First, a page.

WASHINGTON — The Department of Energy has launched investigations into two incidents over the past year where workers at the Nevada National Security Site were exposed to potential contamination while conducting nuclear weapons activities.
The episodes took place on June 16, 2014, and Oct. 21, 2014, at the National Criticality Experiments Research Center, the laboratory where the government maintains a substantial stockpile of nuclear material used for research and training.
The department is looking into the circumstances surrounding “losses of contamination control of highly enriched uranium” at the lab, according to Steven Simonson, director of the DOE Office of Enforcement.
Simonson announced the probe in a June 4 letter to Charles McMillan, the director of the Los Alamos National Laboratory. The New Mexico lab operates the research facility within the high-security Device Assembly Facility on the sprawling Nevada range.
DOE officials did not detail the circumstances surrounding the incidents nor the number of workers who may have been exposed. Los Alamos reported the incidents in January, according to Simonson.
Simonson said National Security Technologies, or NSTec, the management contractor at the Nevada National Security Site, will also be investigated for its role in the incidents.
Thomas Metzger, a spokesman for the National Nuclear Security Administration that oversees the government’s weapons laboratories and what used to be called the Nevada Test Site, said the investigations are ongoing. He had no further information.
In a statement, Los Alamos said that bioassays showed “the levels of exposure were extremely small and health risks essentially zero for those affected by the contamination event.
“There was no contamination spread outside the facility that houses NCERC… and there was no risk to the public or environment.”
The laboratory, which operated at Los Alamos before it was relocated to Nevada for security purposes and reopened in 2011, is utilized for a broad array of nuclear safety research and training programs. Researchers use a variety of nuclear materials in the work, ranging from small neutron-emitting sources to quantities of uranium and plutonium, according to the security agency.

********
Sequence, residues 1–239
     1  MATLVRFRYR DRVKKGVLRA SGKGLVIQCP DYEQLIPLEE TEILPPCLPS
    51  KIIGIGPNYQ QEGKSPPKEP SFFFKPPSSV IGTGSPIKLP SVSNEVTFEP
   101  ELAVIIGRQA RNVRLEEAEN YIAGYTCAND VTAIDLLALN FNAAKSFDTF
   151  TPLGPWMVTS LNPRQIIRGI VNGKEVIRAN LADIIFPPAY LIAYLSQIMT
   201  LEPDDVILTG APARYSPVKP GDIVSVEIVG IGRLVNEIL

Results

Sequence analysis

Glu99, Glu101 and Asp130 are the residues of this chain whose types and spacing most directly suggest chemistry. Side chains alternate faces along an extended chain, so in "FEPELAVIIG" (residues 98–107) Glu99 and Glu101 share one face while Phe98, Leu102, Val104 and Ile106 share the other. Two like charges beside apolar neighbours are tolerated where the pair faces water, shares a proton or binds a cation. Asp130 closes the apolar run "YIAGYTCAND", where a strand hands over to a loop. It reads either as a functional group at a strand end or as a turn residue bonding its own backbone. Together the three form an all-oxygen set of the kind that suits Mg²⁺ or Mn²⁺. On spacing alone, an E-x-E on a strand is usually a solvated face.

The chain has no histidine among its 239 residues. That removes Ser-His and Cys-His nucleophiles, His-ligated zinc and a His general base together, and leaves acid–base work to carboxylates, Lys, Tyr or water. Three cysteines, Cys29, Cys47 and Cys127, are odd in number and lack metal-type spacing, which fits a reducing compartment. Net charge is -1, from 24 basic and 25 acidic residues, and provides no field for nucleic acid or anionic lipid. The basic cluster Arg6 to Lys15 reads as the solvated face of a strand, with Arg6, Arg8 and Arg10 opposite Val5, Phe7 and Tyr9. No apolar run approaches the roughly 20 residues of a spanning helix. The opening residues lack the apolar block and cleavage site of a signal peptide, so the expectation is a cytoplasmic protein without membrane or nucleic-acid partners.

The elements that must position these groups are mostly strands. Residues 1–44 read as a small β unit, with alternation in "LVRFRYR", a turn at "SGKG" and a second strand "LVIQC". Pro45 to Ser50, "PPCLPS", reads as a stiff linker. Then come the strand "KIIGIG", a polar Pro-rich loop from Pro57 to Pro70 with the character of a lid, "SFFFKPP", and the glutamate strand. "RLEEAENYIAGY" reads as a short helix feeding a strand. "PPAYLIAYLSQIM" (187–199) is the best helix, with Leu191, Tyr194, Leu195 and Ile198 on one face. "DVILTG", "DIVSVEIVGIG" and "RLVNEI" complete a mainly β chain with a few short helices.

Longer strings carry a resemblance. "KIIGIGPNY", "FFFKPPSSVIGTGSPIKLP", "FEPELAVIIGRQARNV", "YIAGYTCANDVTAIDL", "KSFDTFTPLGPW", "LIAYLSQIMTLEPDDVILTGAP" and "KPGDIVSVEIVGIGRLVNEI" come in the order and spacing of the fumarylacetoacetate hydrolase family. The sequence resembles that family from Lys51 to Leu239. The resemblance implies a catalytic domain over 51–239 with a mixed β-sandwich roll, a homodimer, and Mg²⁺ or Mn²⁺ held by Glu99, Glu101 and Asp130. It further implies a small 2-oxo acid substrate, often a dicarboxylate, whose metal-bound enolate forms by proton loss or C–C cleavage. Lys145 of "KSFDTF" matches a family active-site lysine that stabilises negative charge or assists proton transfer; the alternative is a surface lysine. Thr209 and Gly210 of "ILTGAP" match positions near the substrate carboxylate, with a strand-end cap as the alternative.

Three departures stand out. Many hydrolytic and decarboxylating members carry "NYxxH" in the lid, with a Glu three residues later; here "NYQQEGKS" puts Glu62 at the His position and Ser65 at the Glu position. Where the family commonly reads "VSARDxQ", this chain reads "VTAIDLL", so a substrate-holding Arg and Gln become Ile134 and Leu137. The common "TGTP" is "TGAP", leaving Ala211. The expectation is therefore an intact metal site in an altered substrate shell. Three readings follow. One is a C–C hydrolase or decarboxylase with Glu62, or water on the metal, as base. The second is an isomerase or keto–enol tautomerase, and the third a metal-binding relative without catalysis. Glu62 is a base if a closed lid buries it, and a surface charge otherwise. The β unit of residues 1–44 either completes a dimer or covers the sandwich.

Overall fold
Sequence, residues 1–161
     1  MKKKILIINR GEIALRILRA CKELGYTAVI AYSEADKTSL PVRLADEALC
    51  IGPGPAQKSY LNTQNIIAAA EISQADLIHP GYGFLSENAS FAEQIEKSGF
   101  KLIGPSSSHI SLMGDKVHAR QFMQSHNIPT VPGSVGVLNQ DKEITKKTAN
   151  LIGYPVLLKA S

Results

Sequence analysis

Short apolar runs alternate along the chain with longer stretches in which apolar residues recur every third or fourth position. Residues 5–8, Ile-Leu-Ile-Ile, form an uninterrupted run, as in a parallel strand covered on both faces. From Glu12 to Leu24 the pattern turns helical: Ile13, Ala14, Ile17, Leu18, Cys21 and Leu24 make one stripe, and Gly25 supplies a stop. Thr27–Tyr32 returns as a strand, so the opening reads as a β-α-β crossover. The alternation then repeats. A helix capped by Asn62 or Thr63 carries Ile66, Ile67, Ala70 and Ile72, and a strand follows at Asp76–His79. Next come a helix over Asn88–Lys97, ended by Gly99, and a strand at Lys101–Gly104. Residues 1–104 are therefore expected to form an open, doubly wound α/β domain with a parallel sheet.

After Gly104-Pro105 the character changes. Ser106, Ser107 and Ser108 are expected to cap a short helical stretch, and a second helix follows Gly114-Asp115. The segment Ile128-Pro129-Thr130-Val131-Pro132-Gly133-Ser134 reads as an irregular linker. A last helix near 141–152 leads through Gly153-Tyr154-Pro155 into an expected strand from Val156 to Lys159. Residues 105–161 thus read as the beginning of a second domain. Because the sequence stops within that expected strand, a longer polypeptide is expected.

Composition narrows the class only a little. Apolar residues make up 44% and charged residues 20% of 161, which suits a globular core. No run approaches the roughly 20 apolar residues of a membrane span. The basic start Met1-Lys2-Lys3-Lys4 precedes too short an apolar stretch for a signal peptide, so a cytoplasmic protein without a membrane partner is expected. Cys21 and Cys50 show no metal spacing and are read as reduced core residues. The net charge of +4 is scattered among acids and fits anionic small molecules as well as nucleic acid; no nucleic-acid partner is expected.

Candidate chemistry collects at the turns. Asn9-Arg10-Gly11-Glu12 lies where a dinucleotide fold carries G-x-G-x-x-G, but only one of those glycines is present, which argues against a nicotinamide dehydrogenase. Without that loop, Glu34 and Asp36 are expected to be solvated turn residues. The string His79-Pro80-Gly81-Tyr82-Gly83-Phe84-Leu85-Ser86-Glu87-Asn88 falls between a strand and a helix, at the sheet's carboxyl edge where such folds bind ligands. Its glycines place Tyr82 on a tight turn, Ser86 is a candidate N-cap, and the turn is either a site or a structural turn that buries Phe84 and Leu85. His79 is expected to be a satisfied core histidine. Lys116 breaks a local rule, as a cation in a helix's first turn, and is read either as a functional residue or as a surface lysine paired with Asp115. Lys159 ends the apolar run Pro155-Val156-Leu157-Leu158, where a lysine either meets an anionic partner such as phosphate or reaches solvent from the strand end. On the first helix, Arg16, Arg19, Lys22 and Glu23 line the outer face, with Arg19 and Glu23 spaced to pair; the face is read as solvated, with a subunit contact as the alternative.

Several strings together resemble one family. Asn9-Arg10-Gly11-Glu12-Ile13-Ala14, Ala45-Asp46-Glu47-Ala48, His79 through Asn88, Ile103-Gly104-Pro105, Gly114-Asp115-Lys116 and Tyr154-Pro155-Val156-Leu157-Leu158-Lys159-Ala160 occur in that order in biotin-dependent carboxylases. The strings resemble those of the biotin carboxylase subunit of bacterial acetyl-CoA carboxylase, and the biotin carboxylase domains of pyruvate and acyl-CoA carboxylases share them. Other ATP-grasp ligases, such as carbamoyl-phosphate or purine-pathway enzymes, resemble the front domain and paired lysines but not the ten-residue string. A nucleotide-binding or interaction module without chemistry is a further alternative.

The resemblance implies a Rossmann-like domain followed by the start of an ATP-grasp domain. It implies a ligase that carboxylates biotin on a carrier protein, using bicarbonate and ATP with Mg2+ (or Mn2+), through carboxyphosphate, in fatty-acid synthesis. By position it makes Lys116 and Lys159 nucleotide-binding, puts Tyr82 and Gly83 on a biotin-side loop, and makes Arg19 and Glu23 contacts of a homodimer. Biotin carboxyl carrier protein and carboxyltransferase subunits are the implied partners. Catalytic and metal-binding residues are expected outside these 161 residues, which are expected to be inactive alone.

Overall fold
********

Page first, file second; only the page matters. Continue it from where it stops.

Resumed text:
The incidents that prompted the investigation were the latest disclosed missteps by Los Alamos and other outposts in the weapons complex that have come under close scrutiny within DOE and on Capitol Hill.
In May, the Energy Department proposed to fine the operator of the Los Alamos National Laboratory $247,500 after it lost track of classified material that was supposed to have been shipped to the Nevada National Security Site in 2007, but never arrived. The mistake was not detected until five years later.
The New Mexico laboratory also has been faulted in the 2014 release of radiation from the Waste Isolation Pilot Plant that contaminated nearly two dozen workers with low levels of radiation and forced the nuclear waste site to close.
Investigations uncovered violations at the laboratory in how transuranic waste destined for WIPP was packaged and managed.
In its statement on the Nevada incidents, Los Alamos said it was working with NNSA and NSTec “in a formal process to review and confirm that new procedures and controls are in place and functioning properly.”
“The laboratory takes this event very seriously and will do everything reasonable to prevent a similar event in the future,” according to the statement.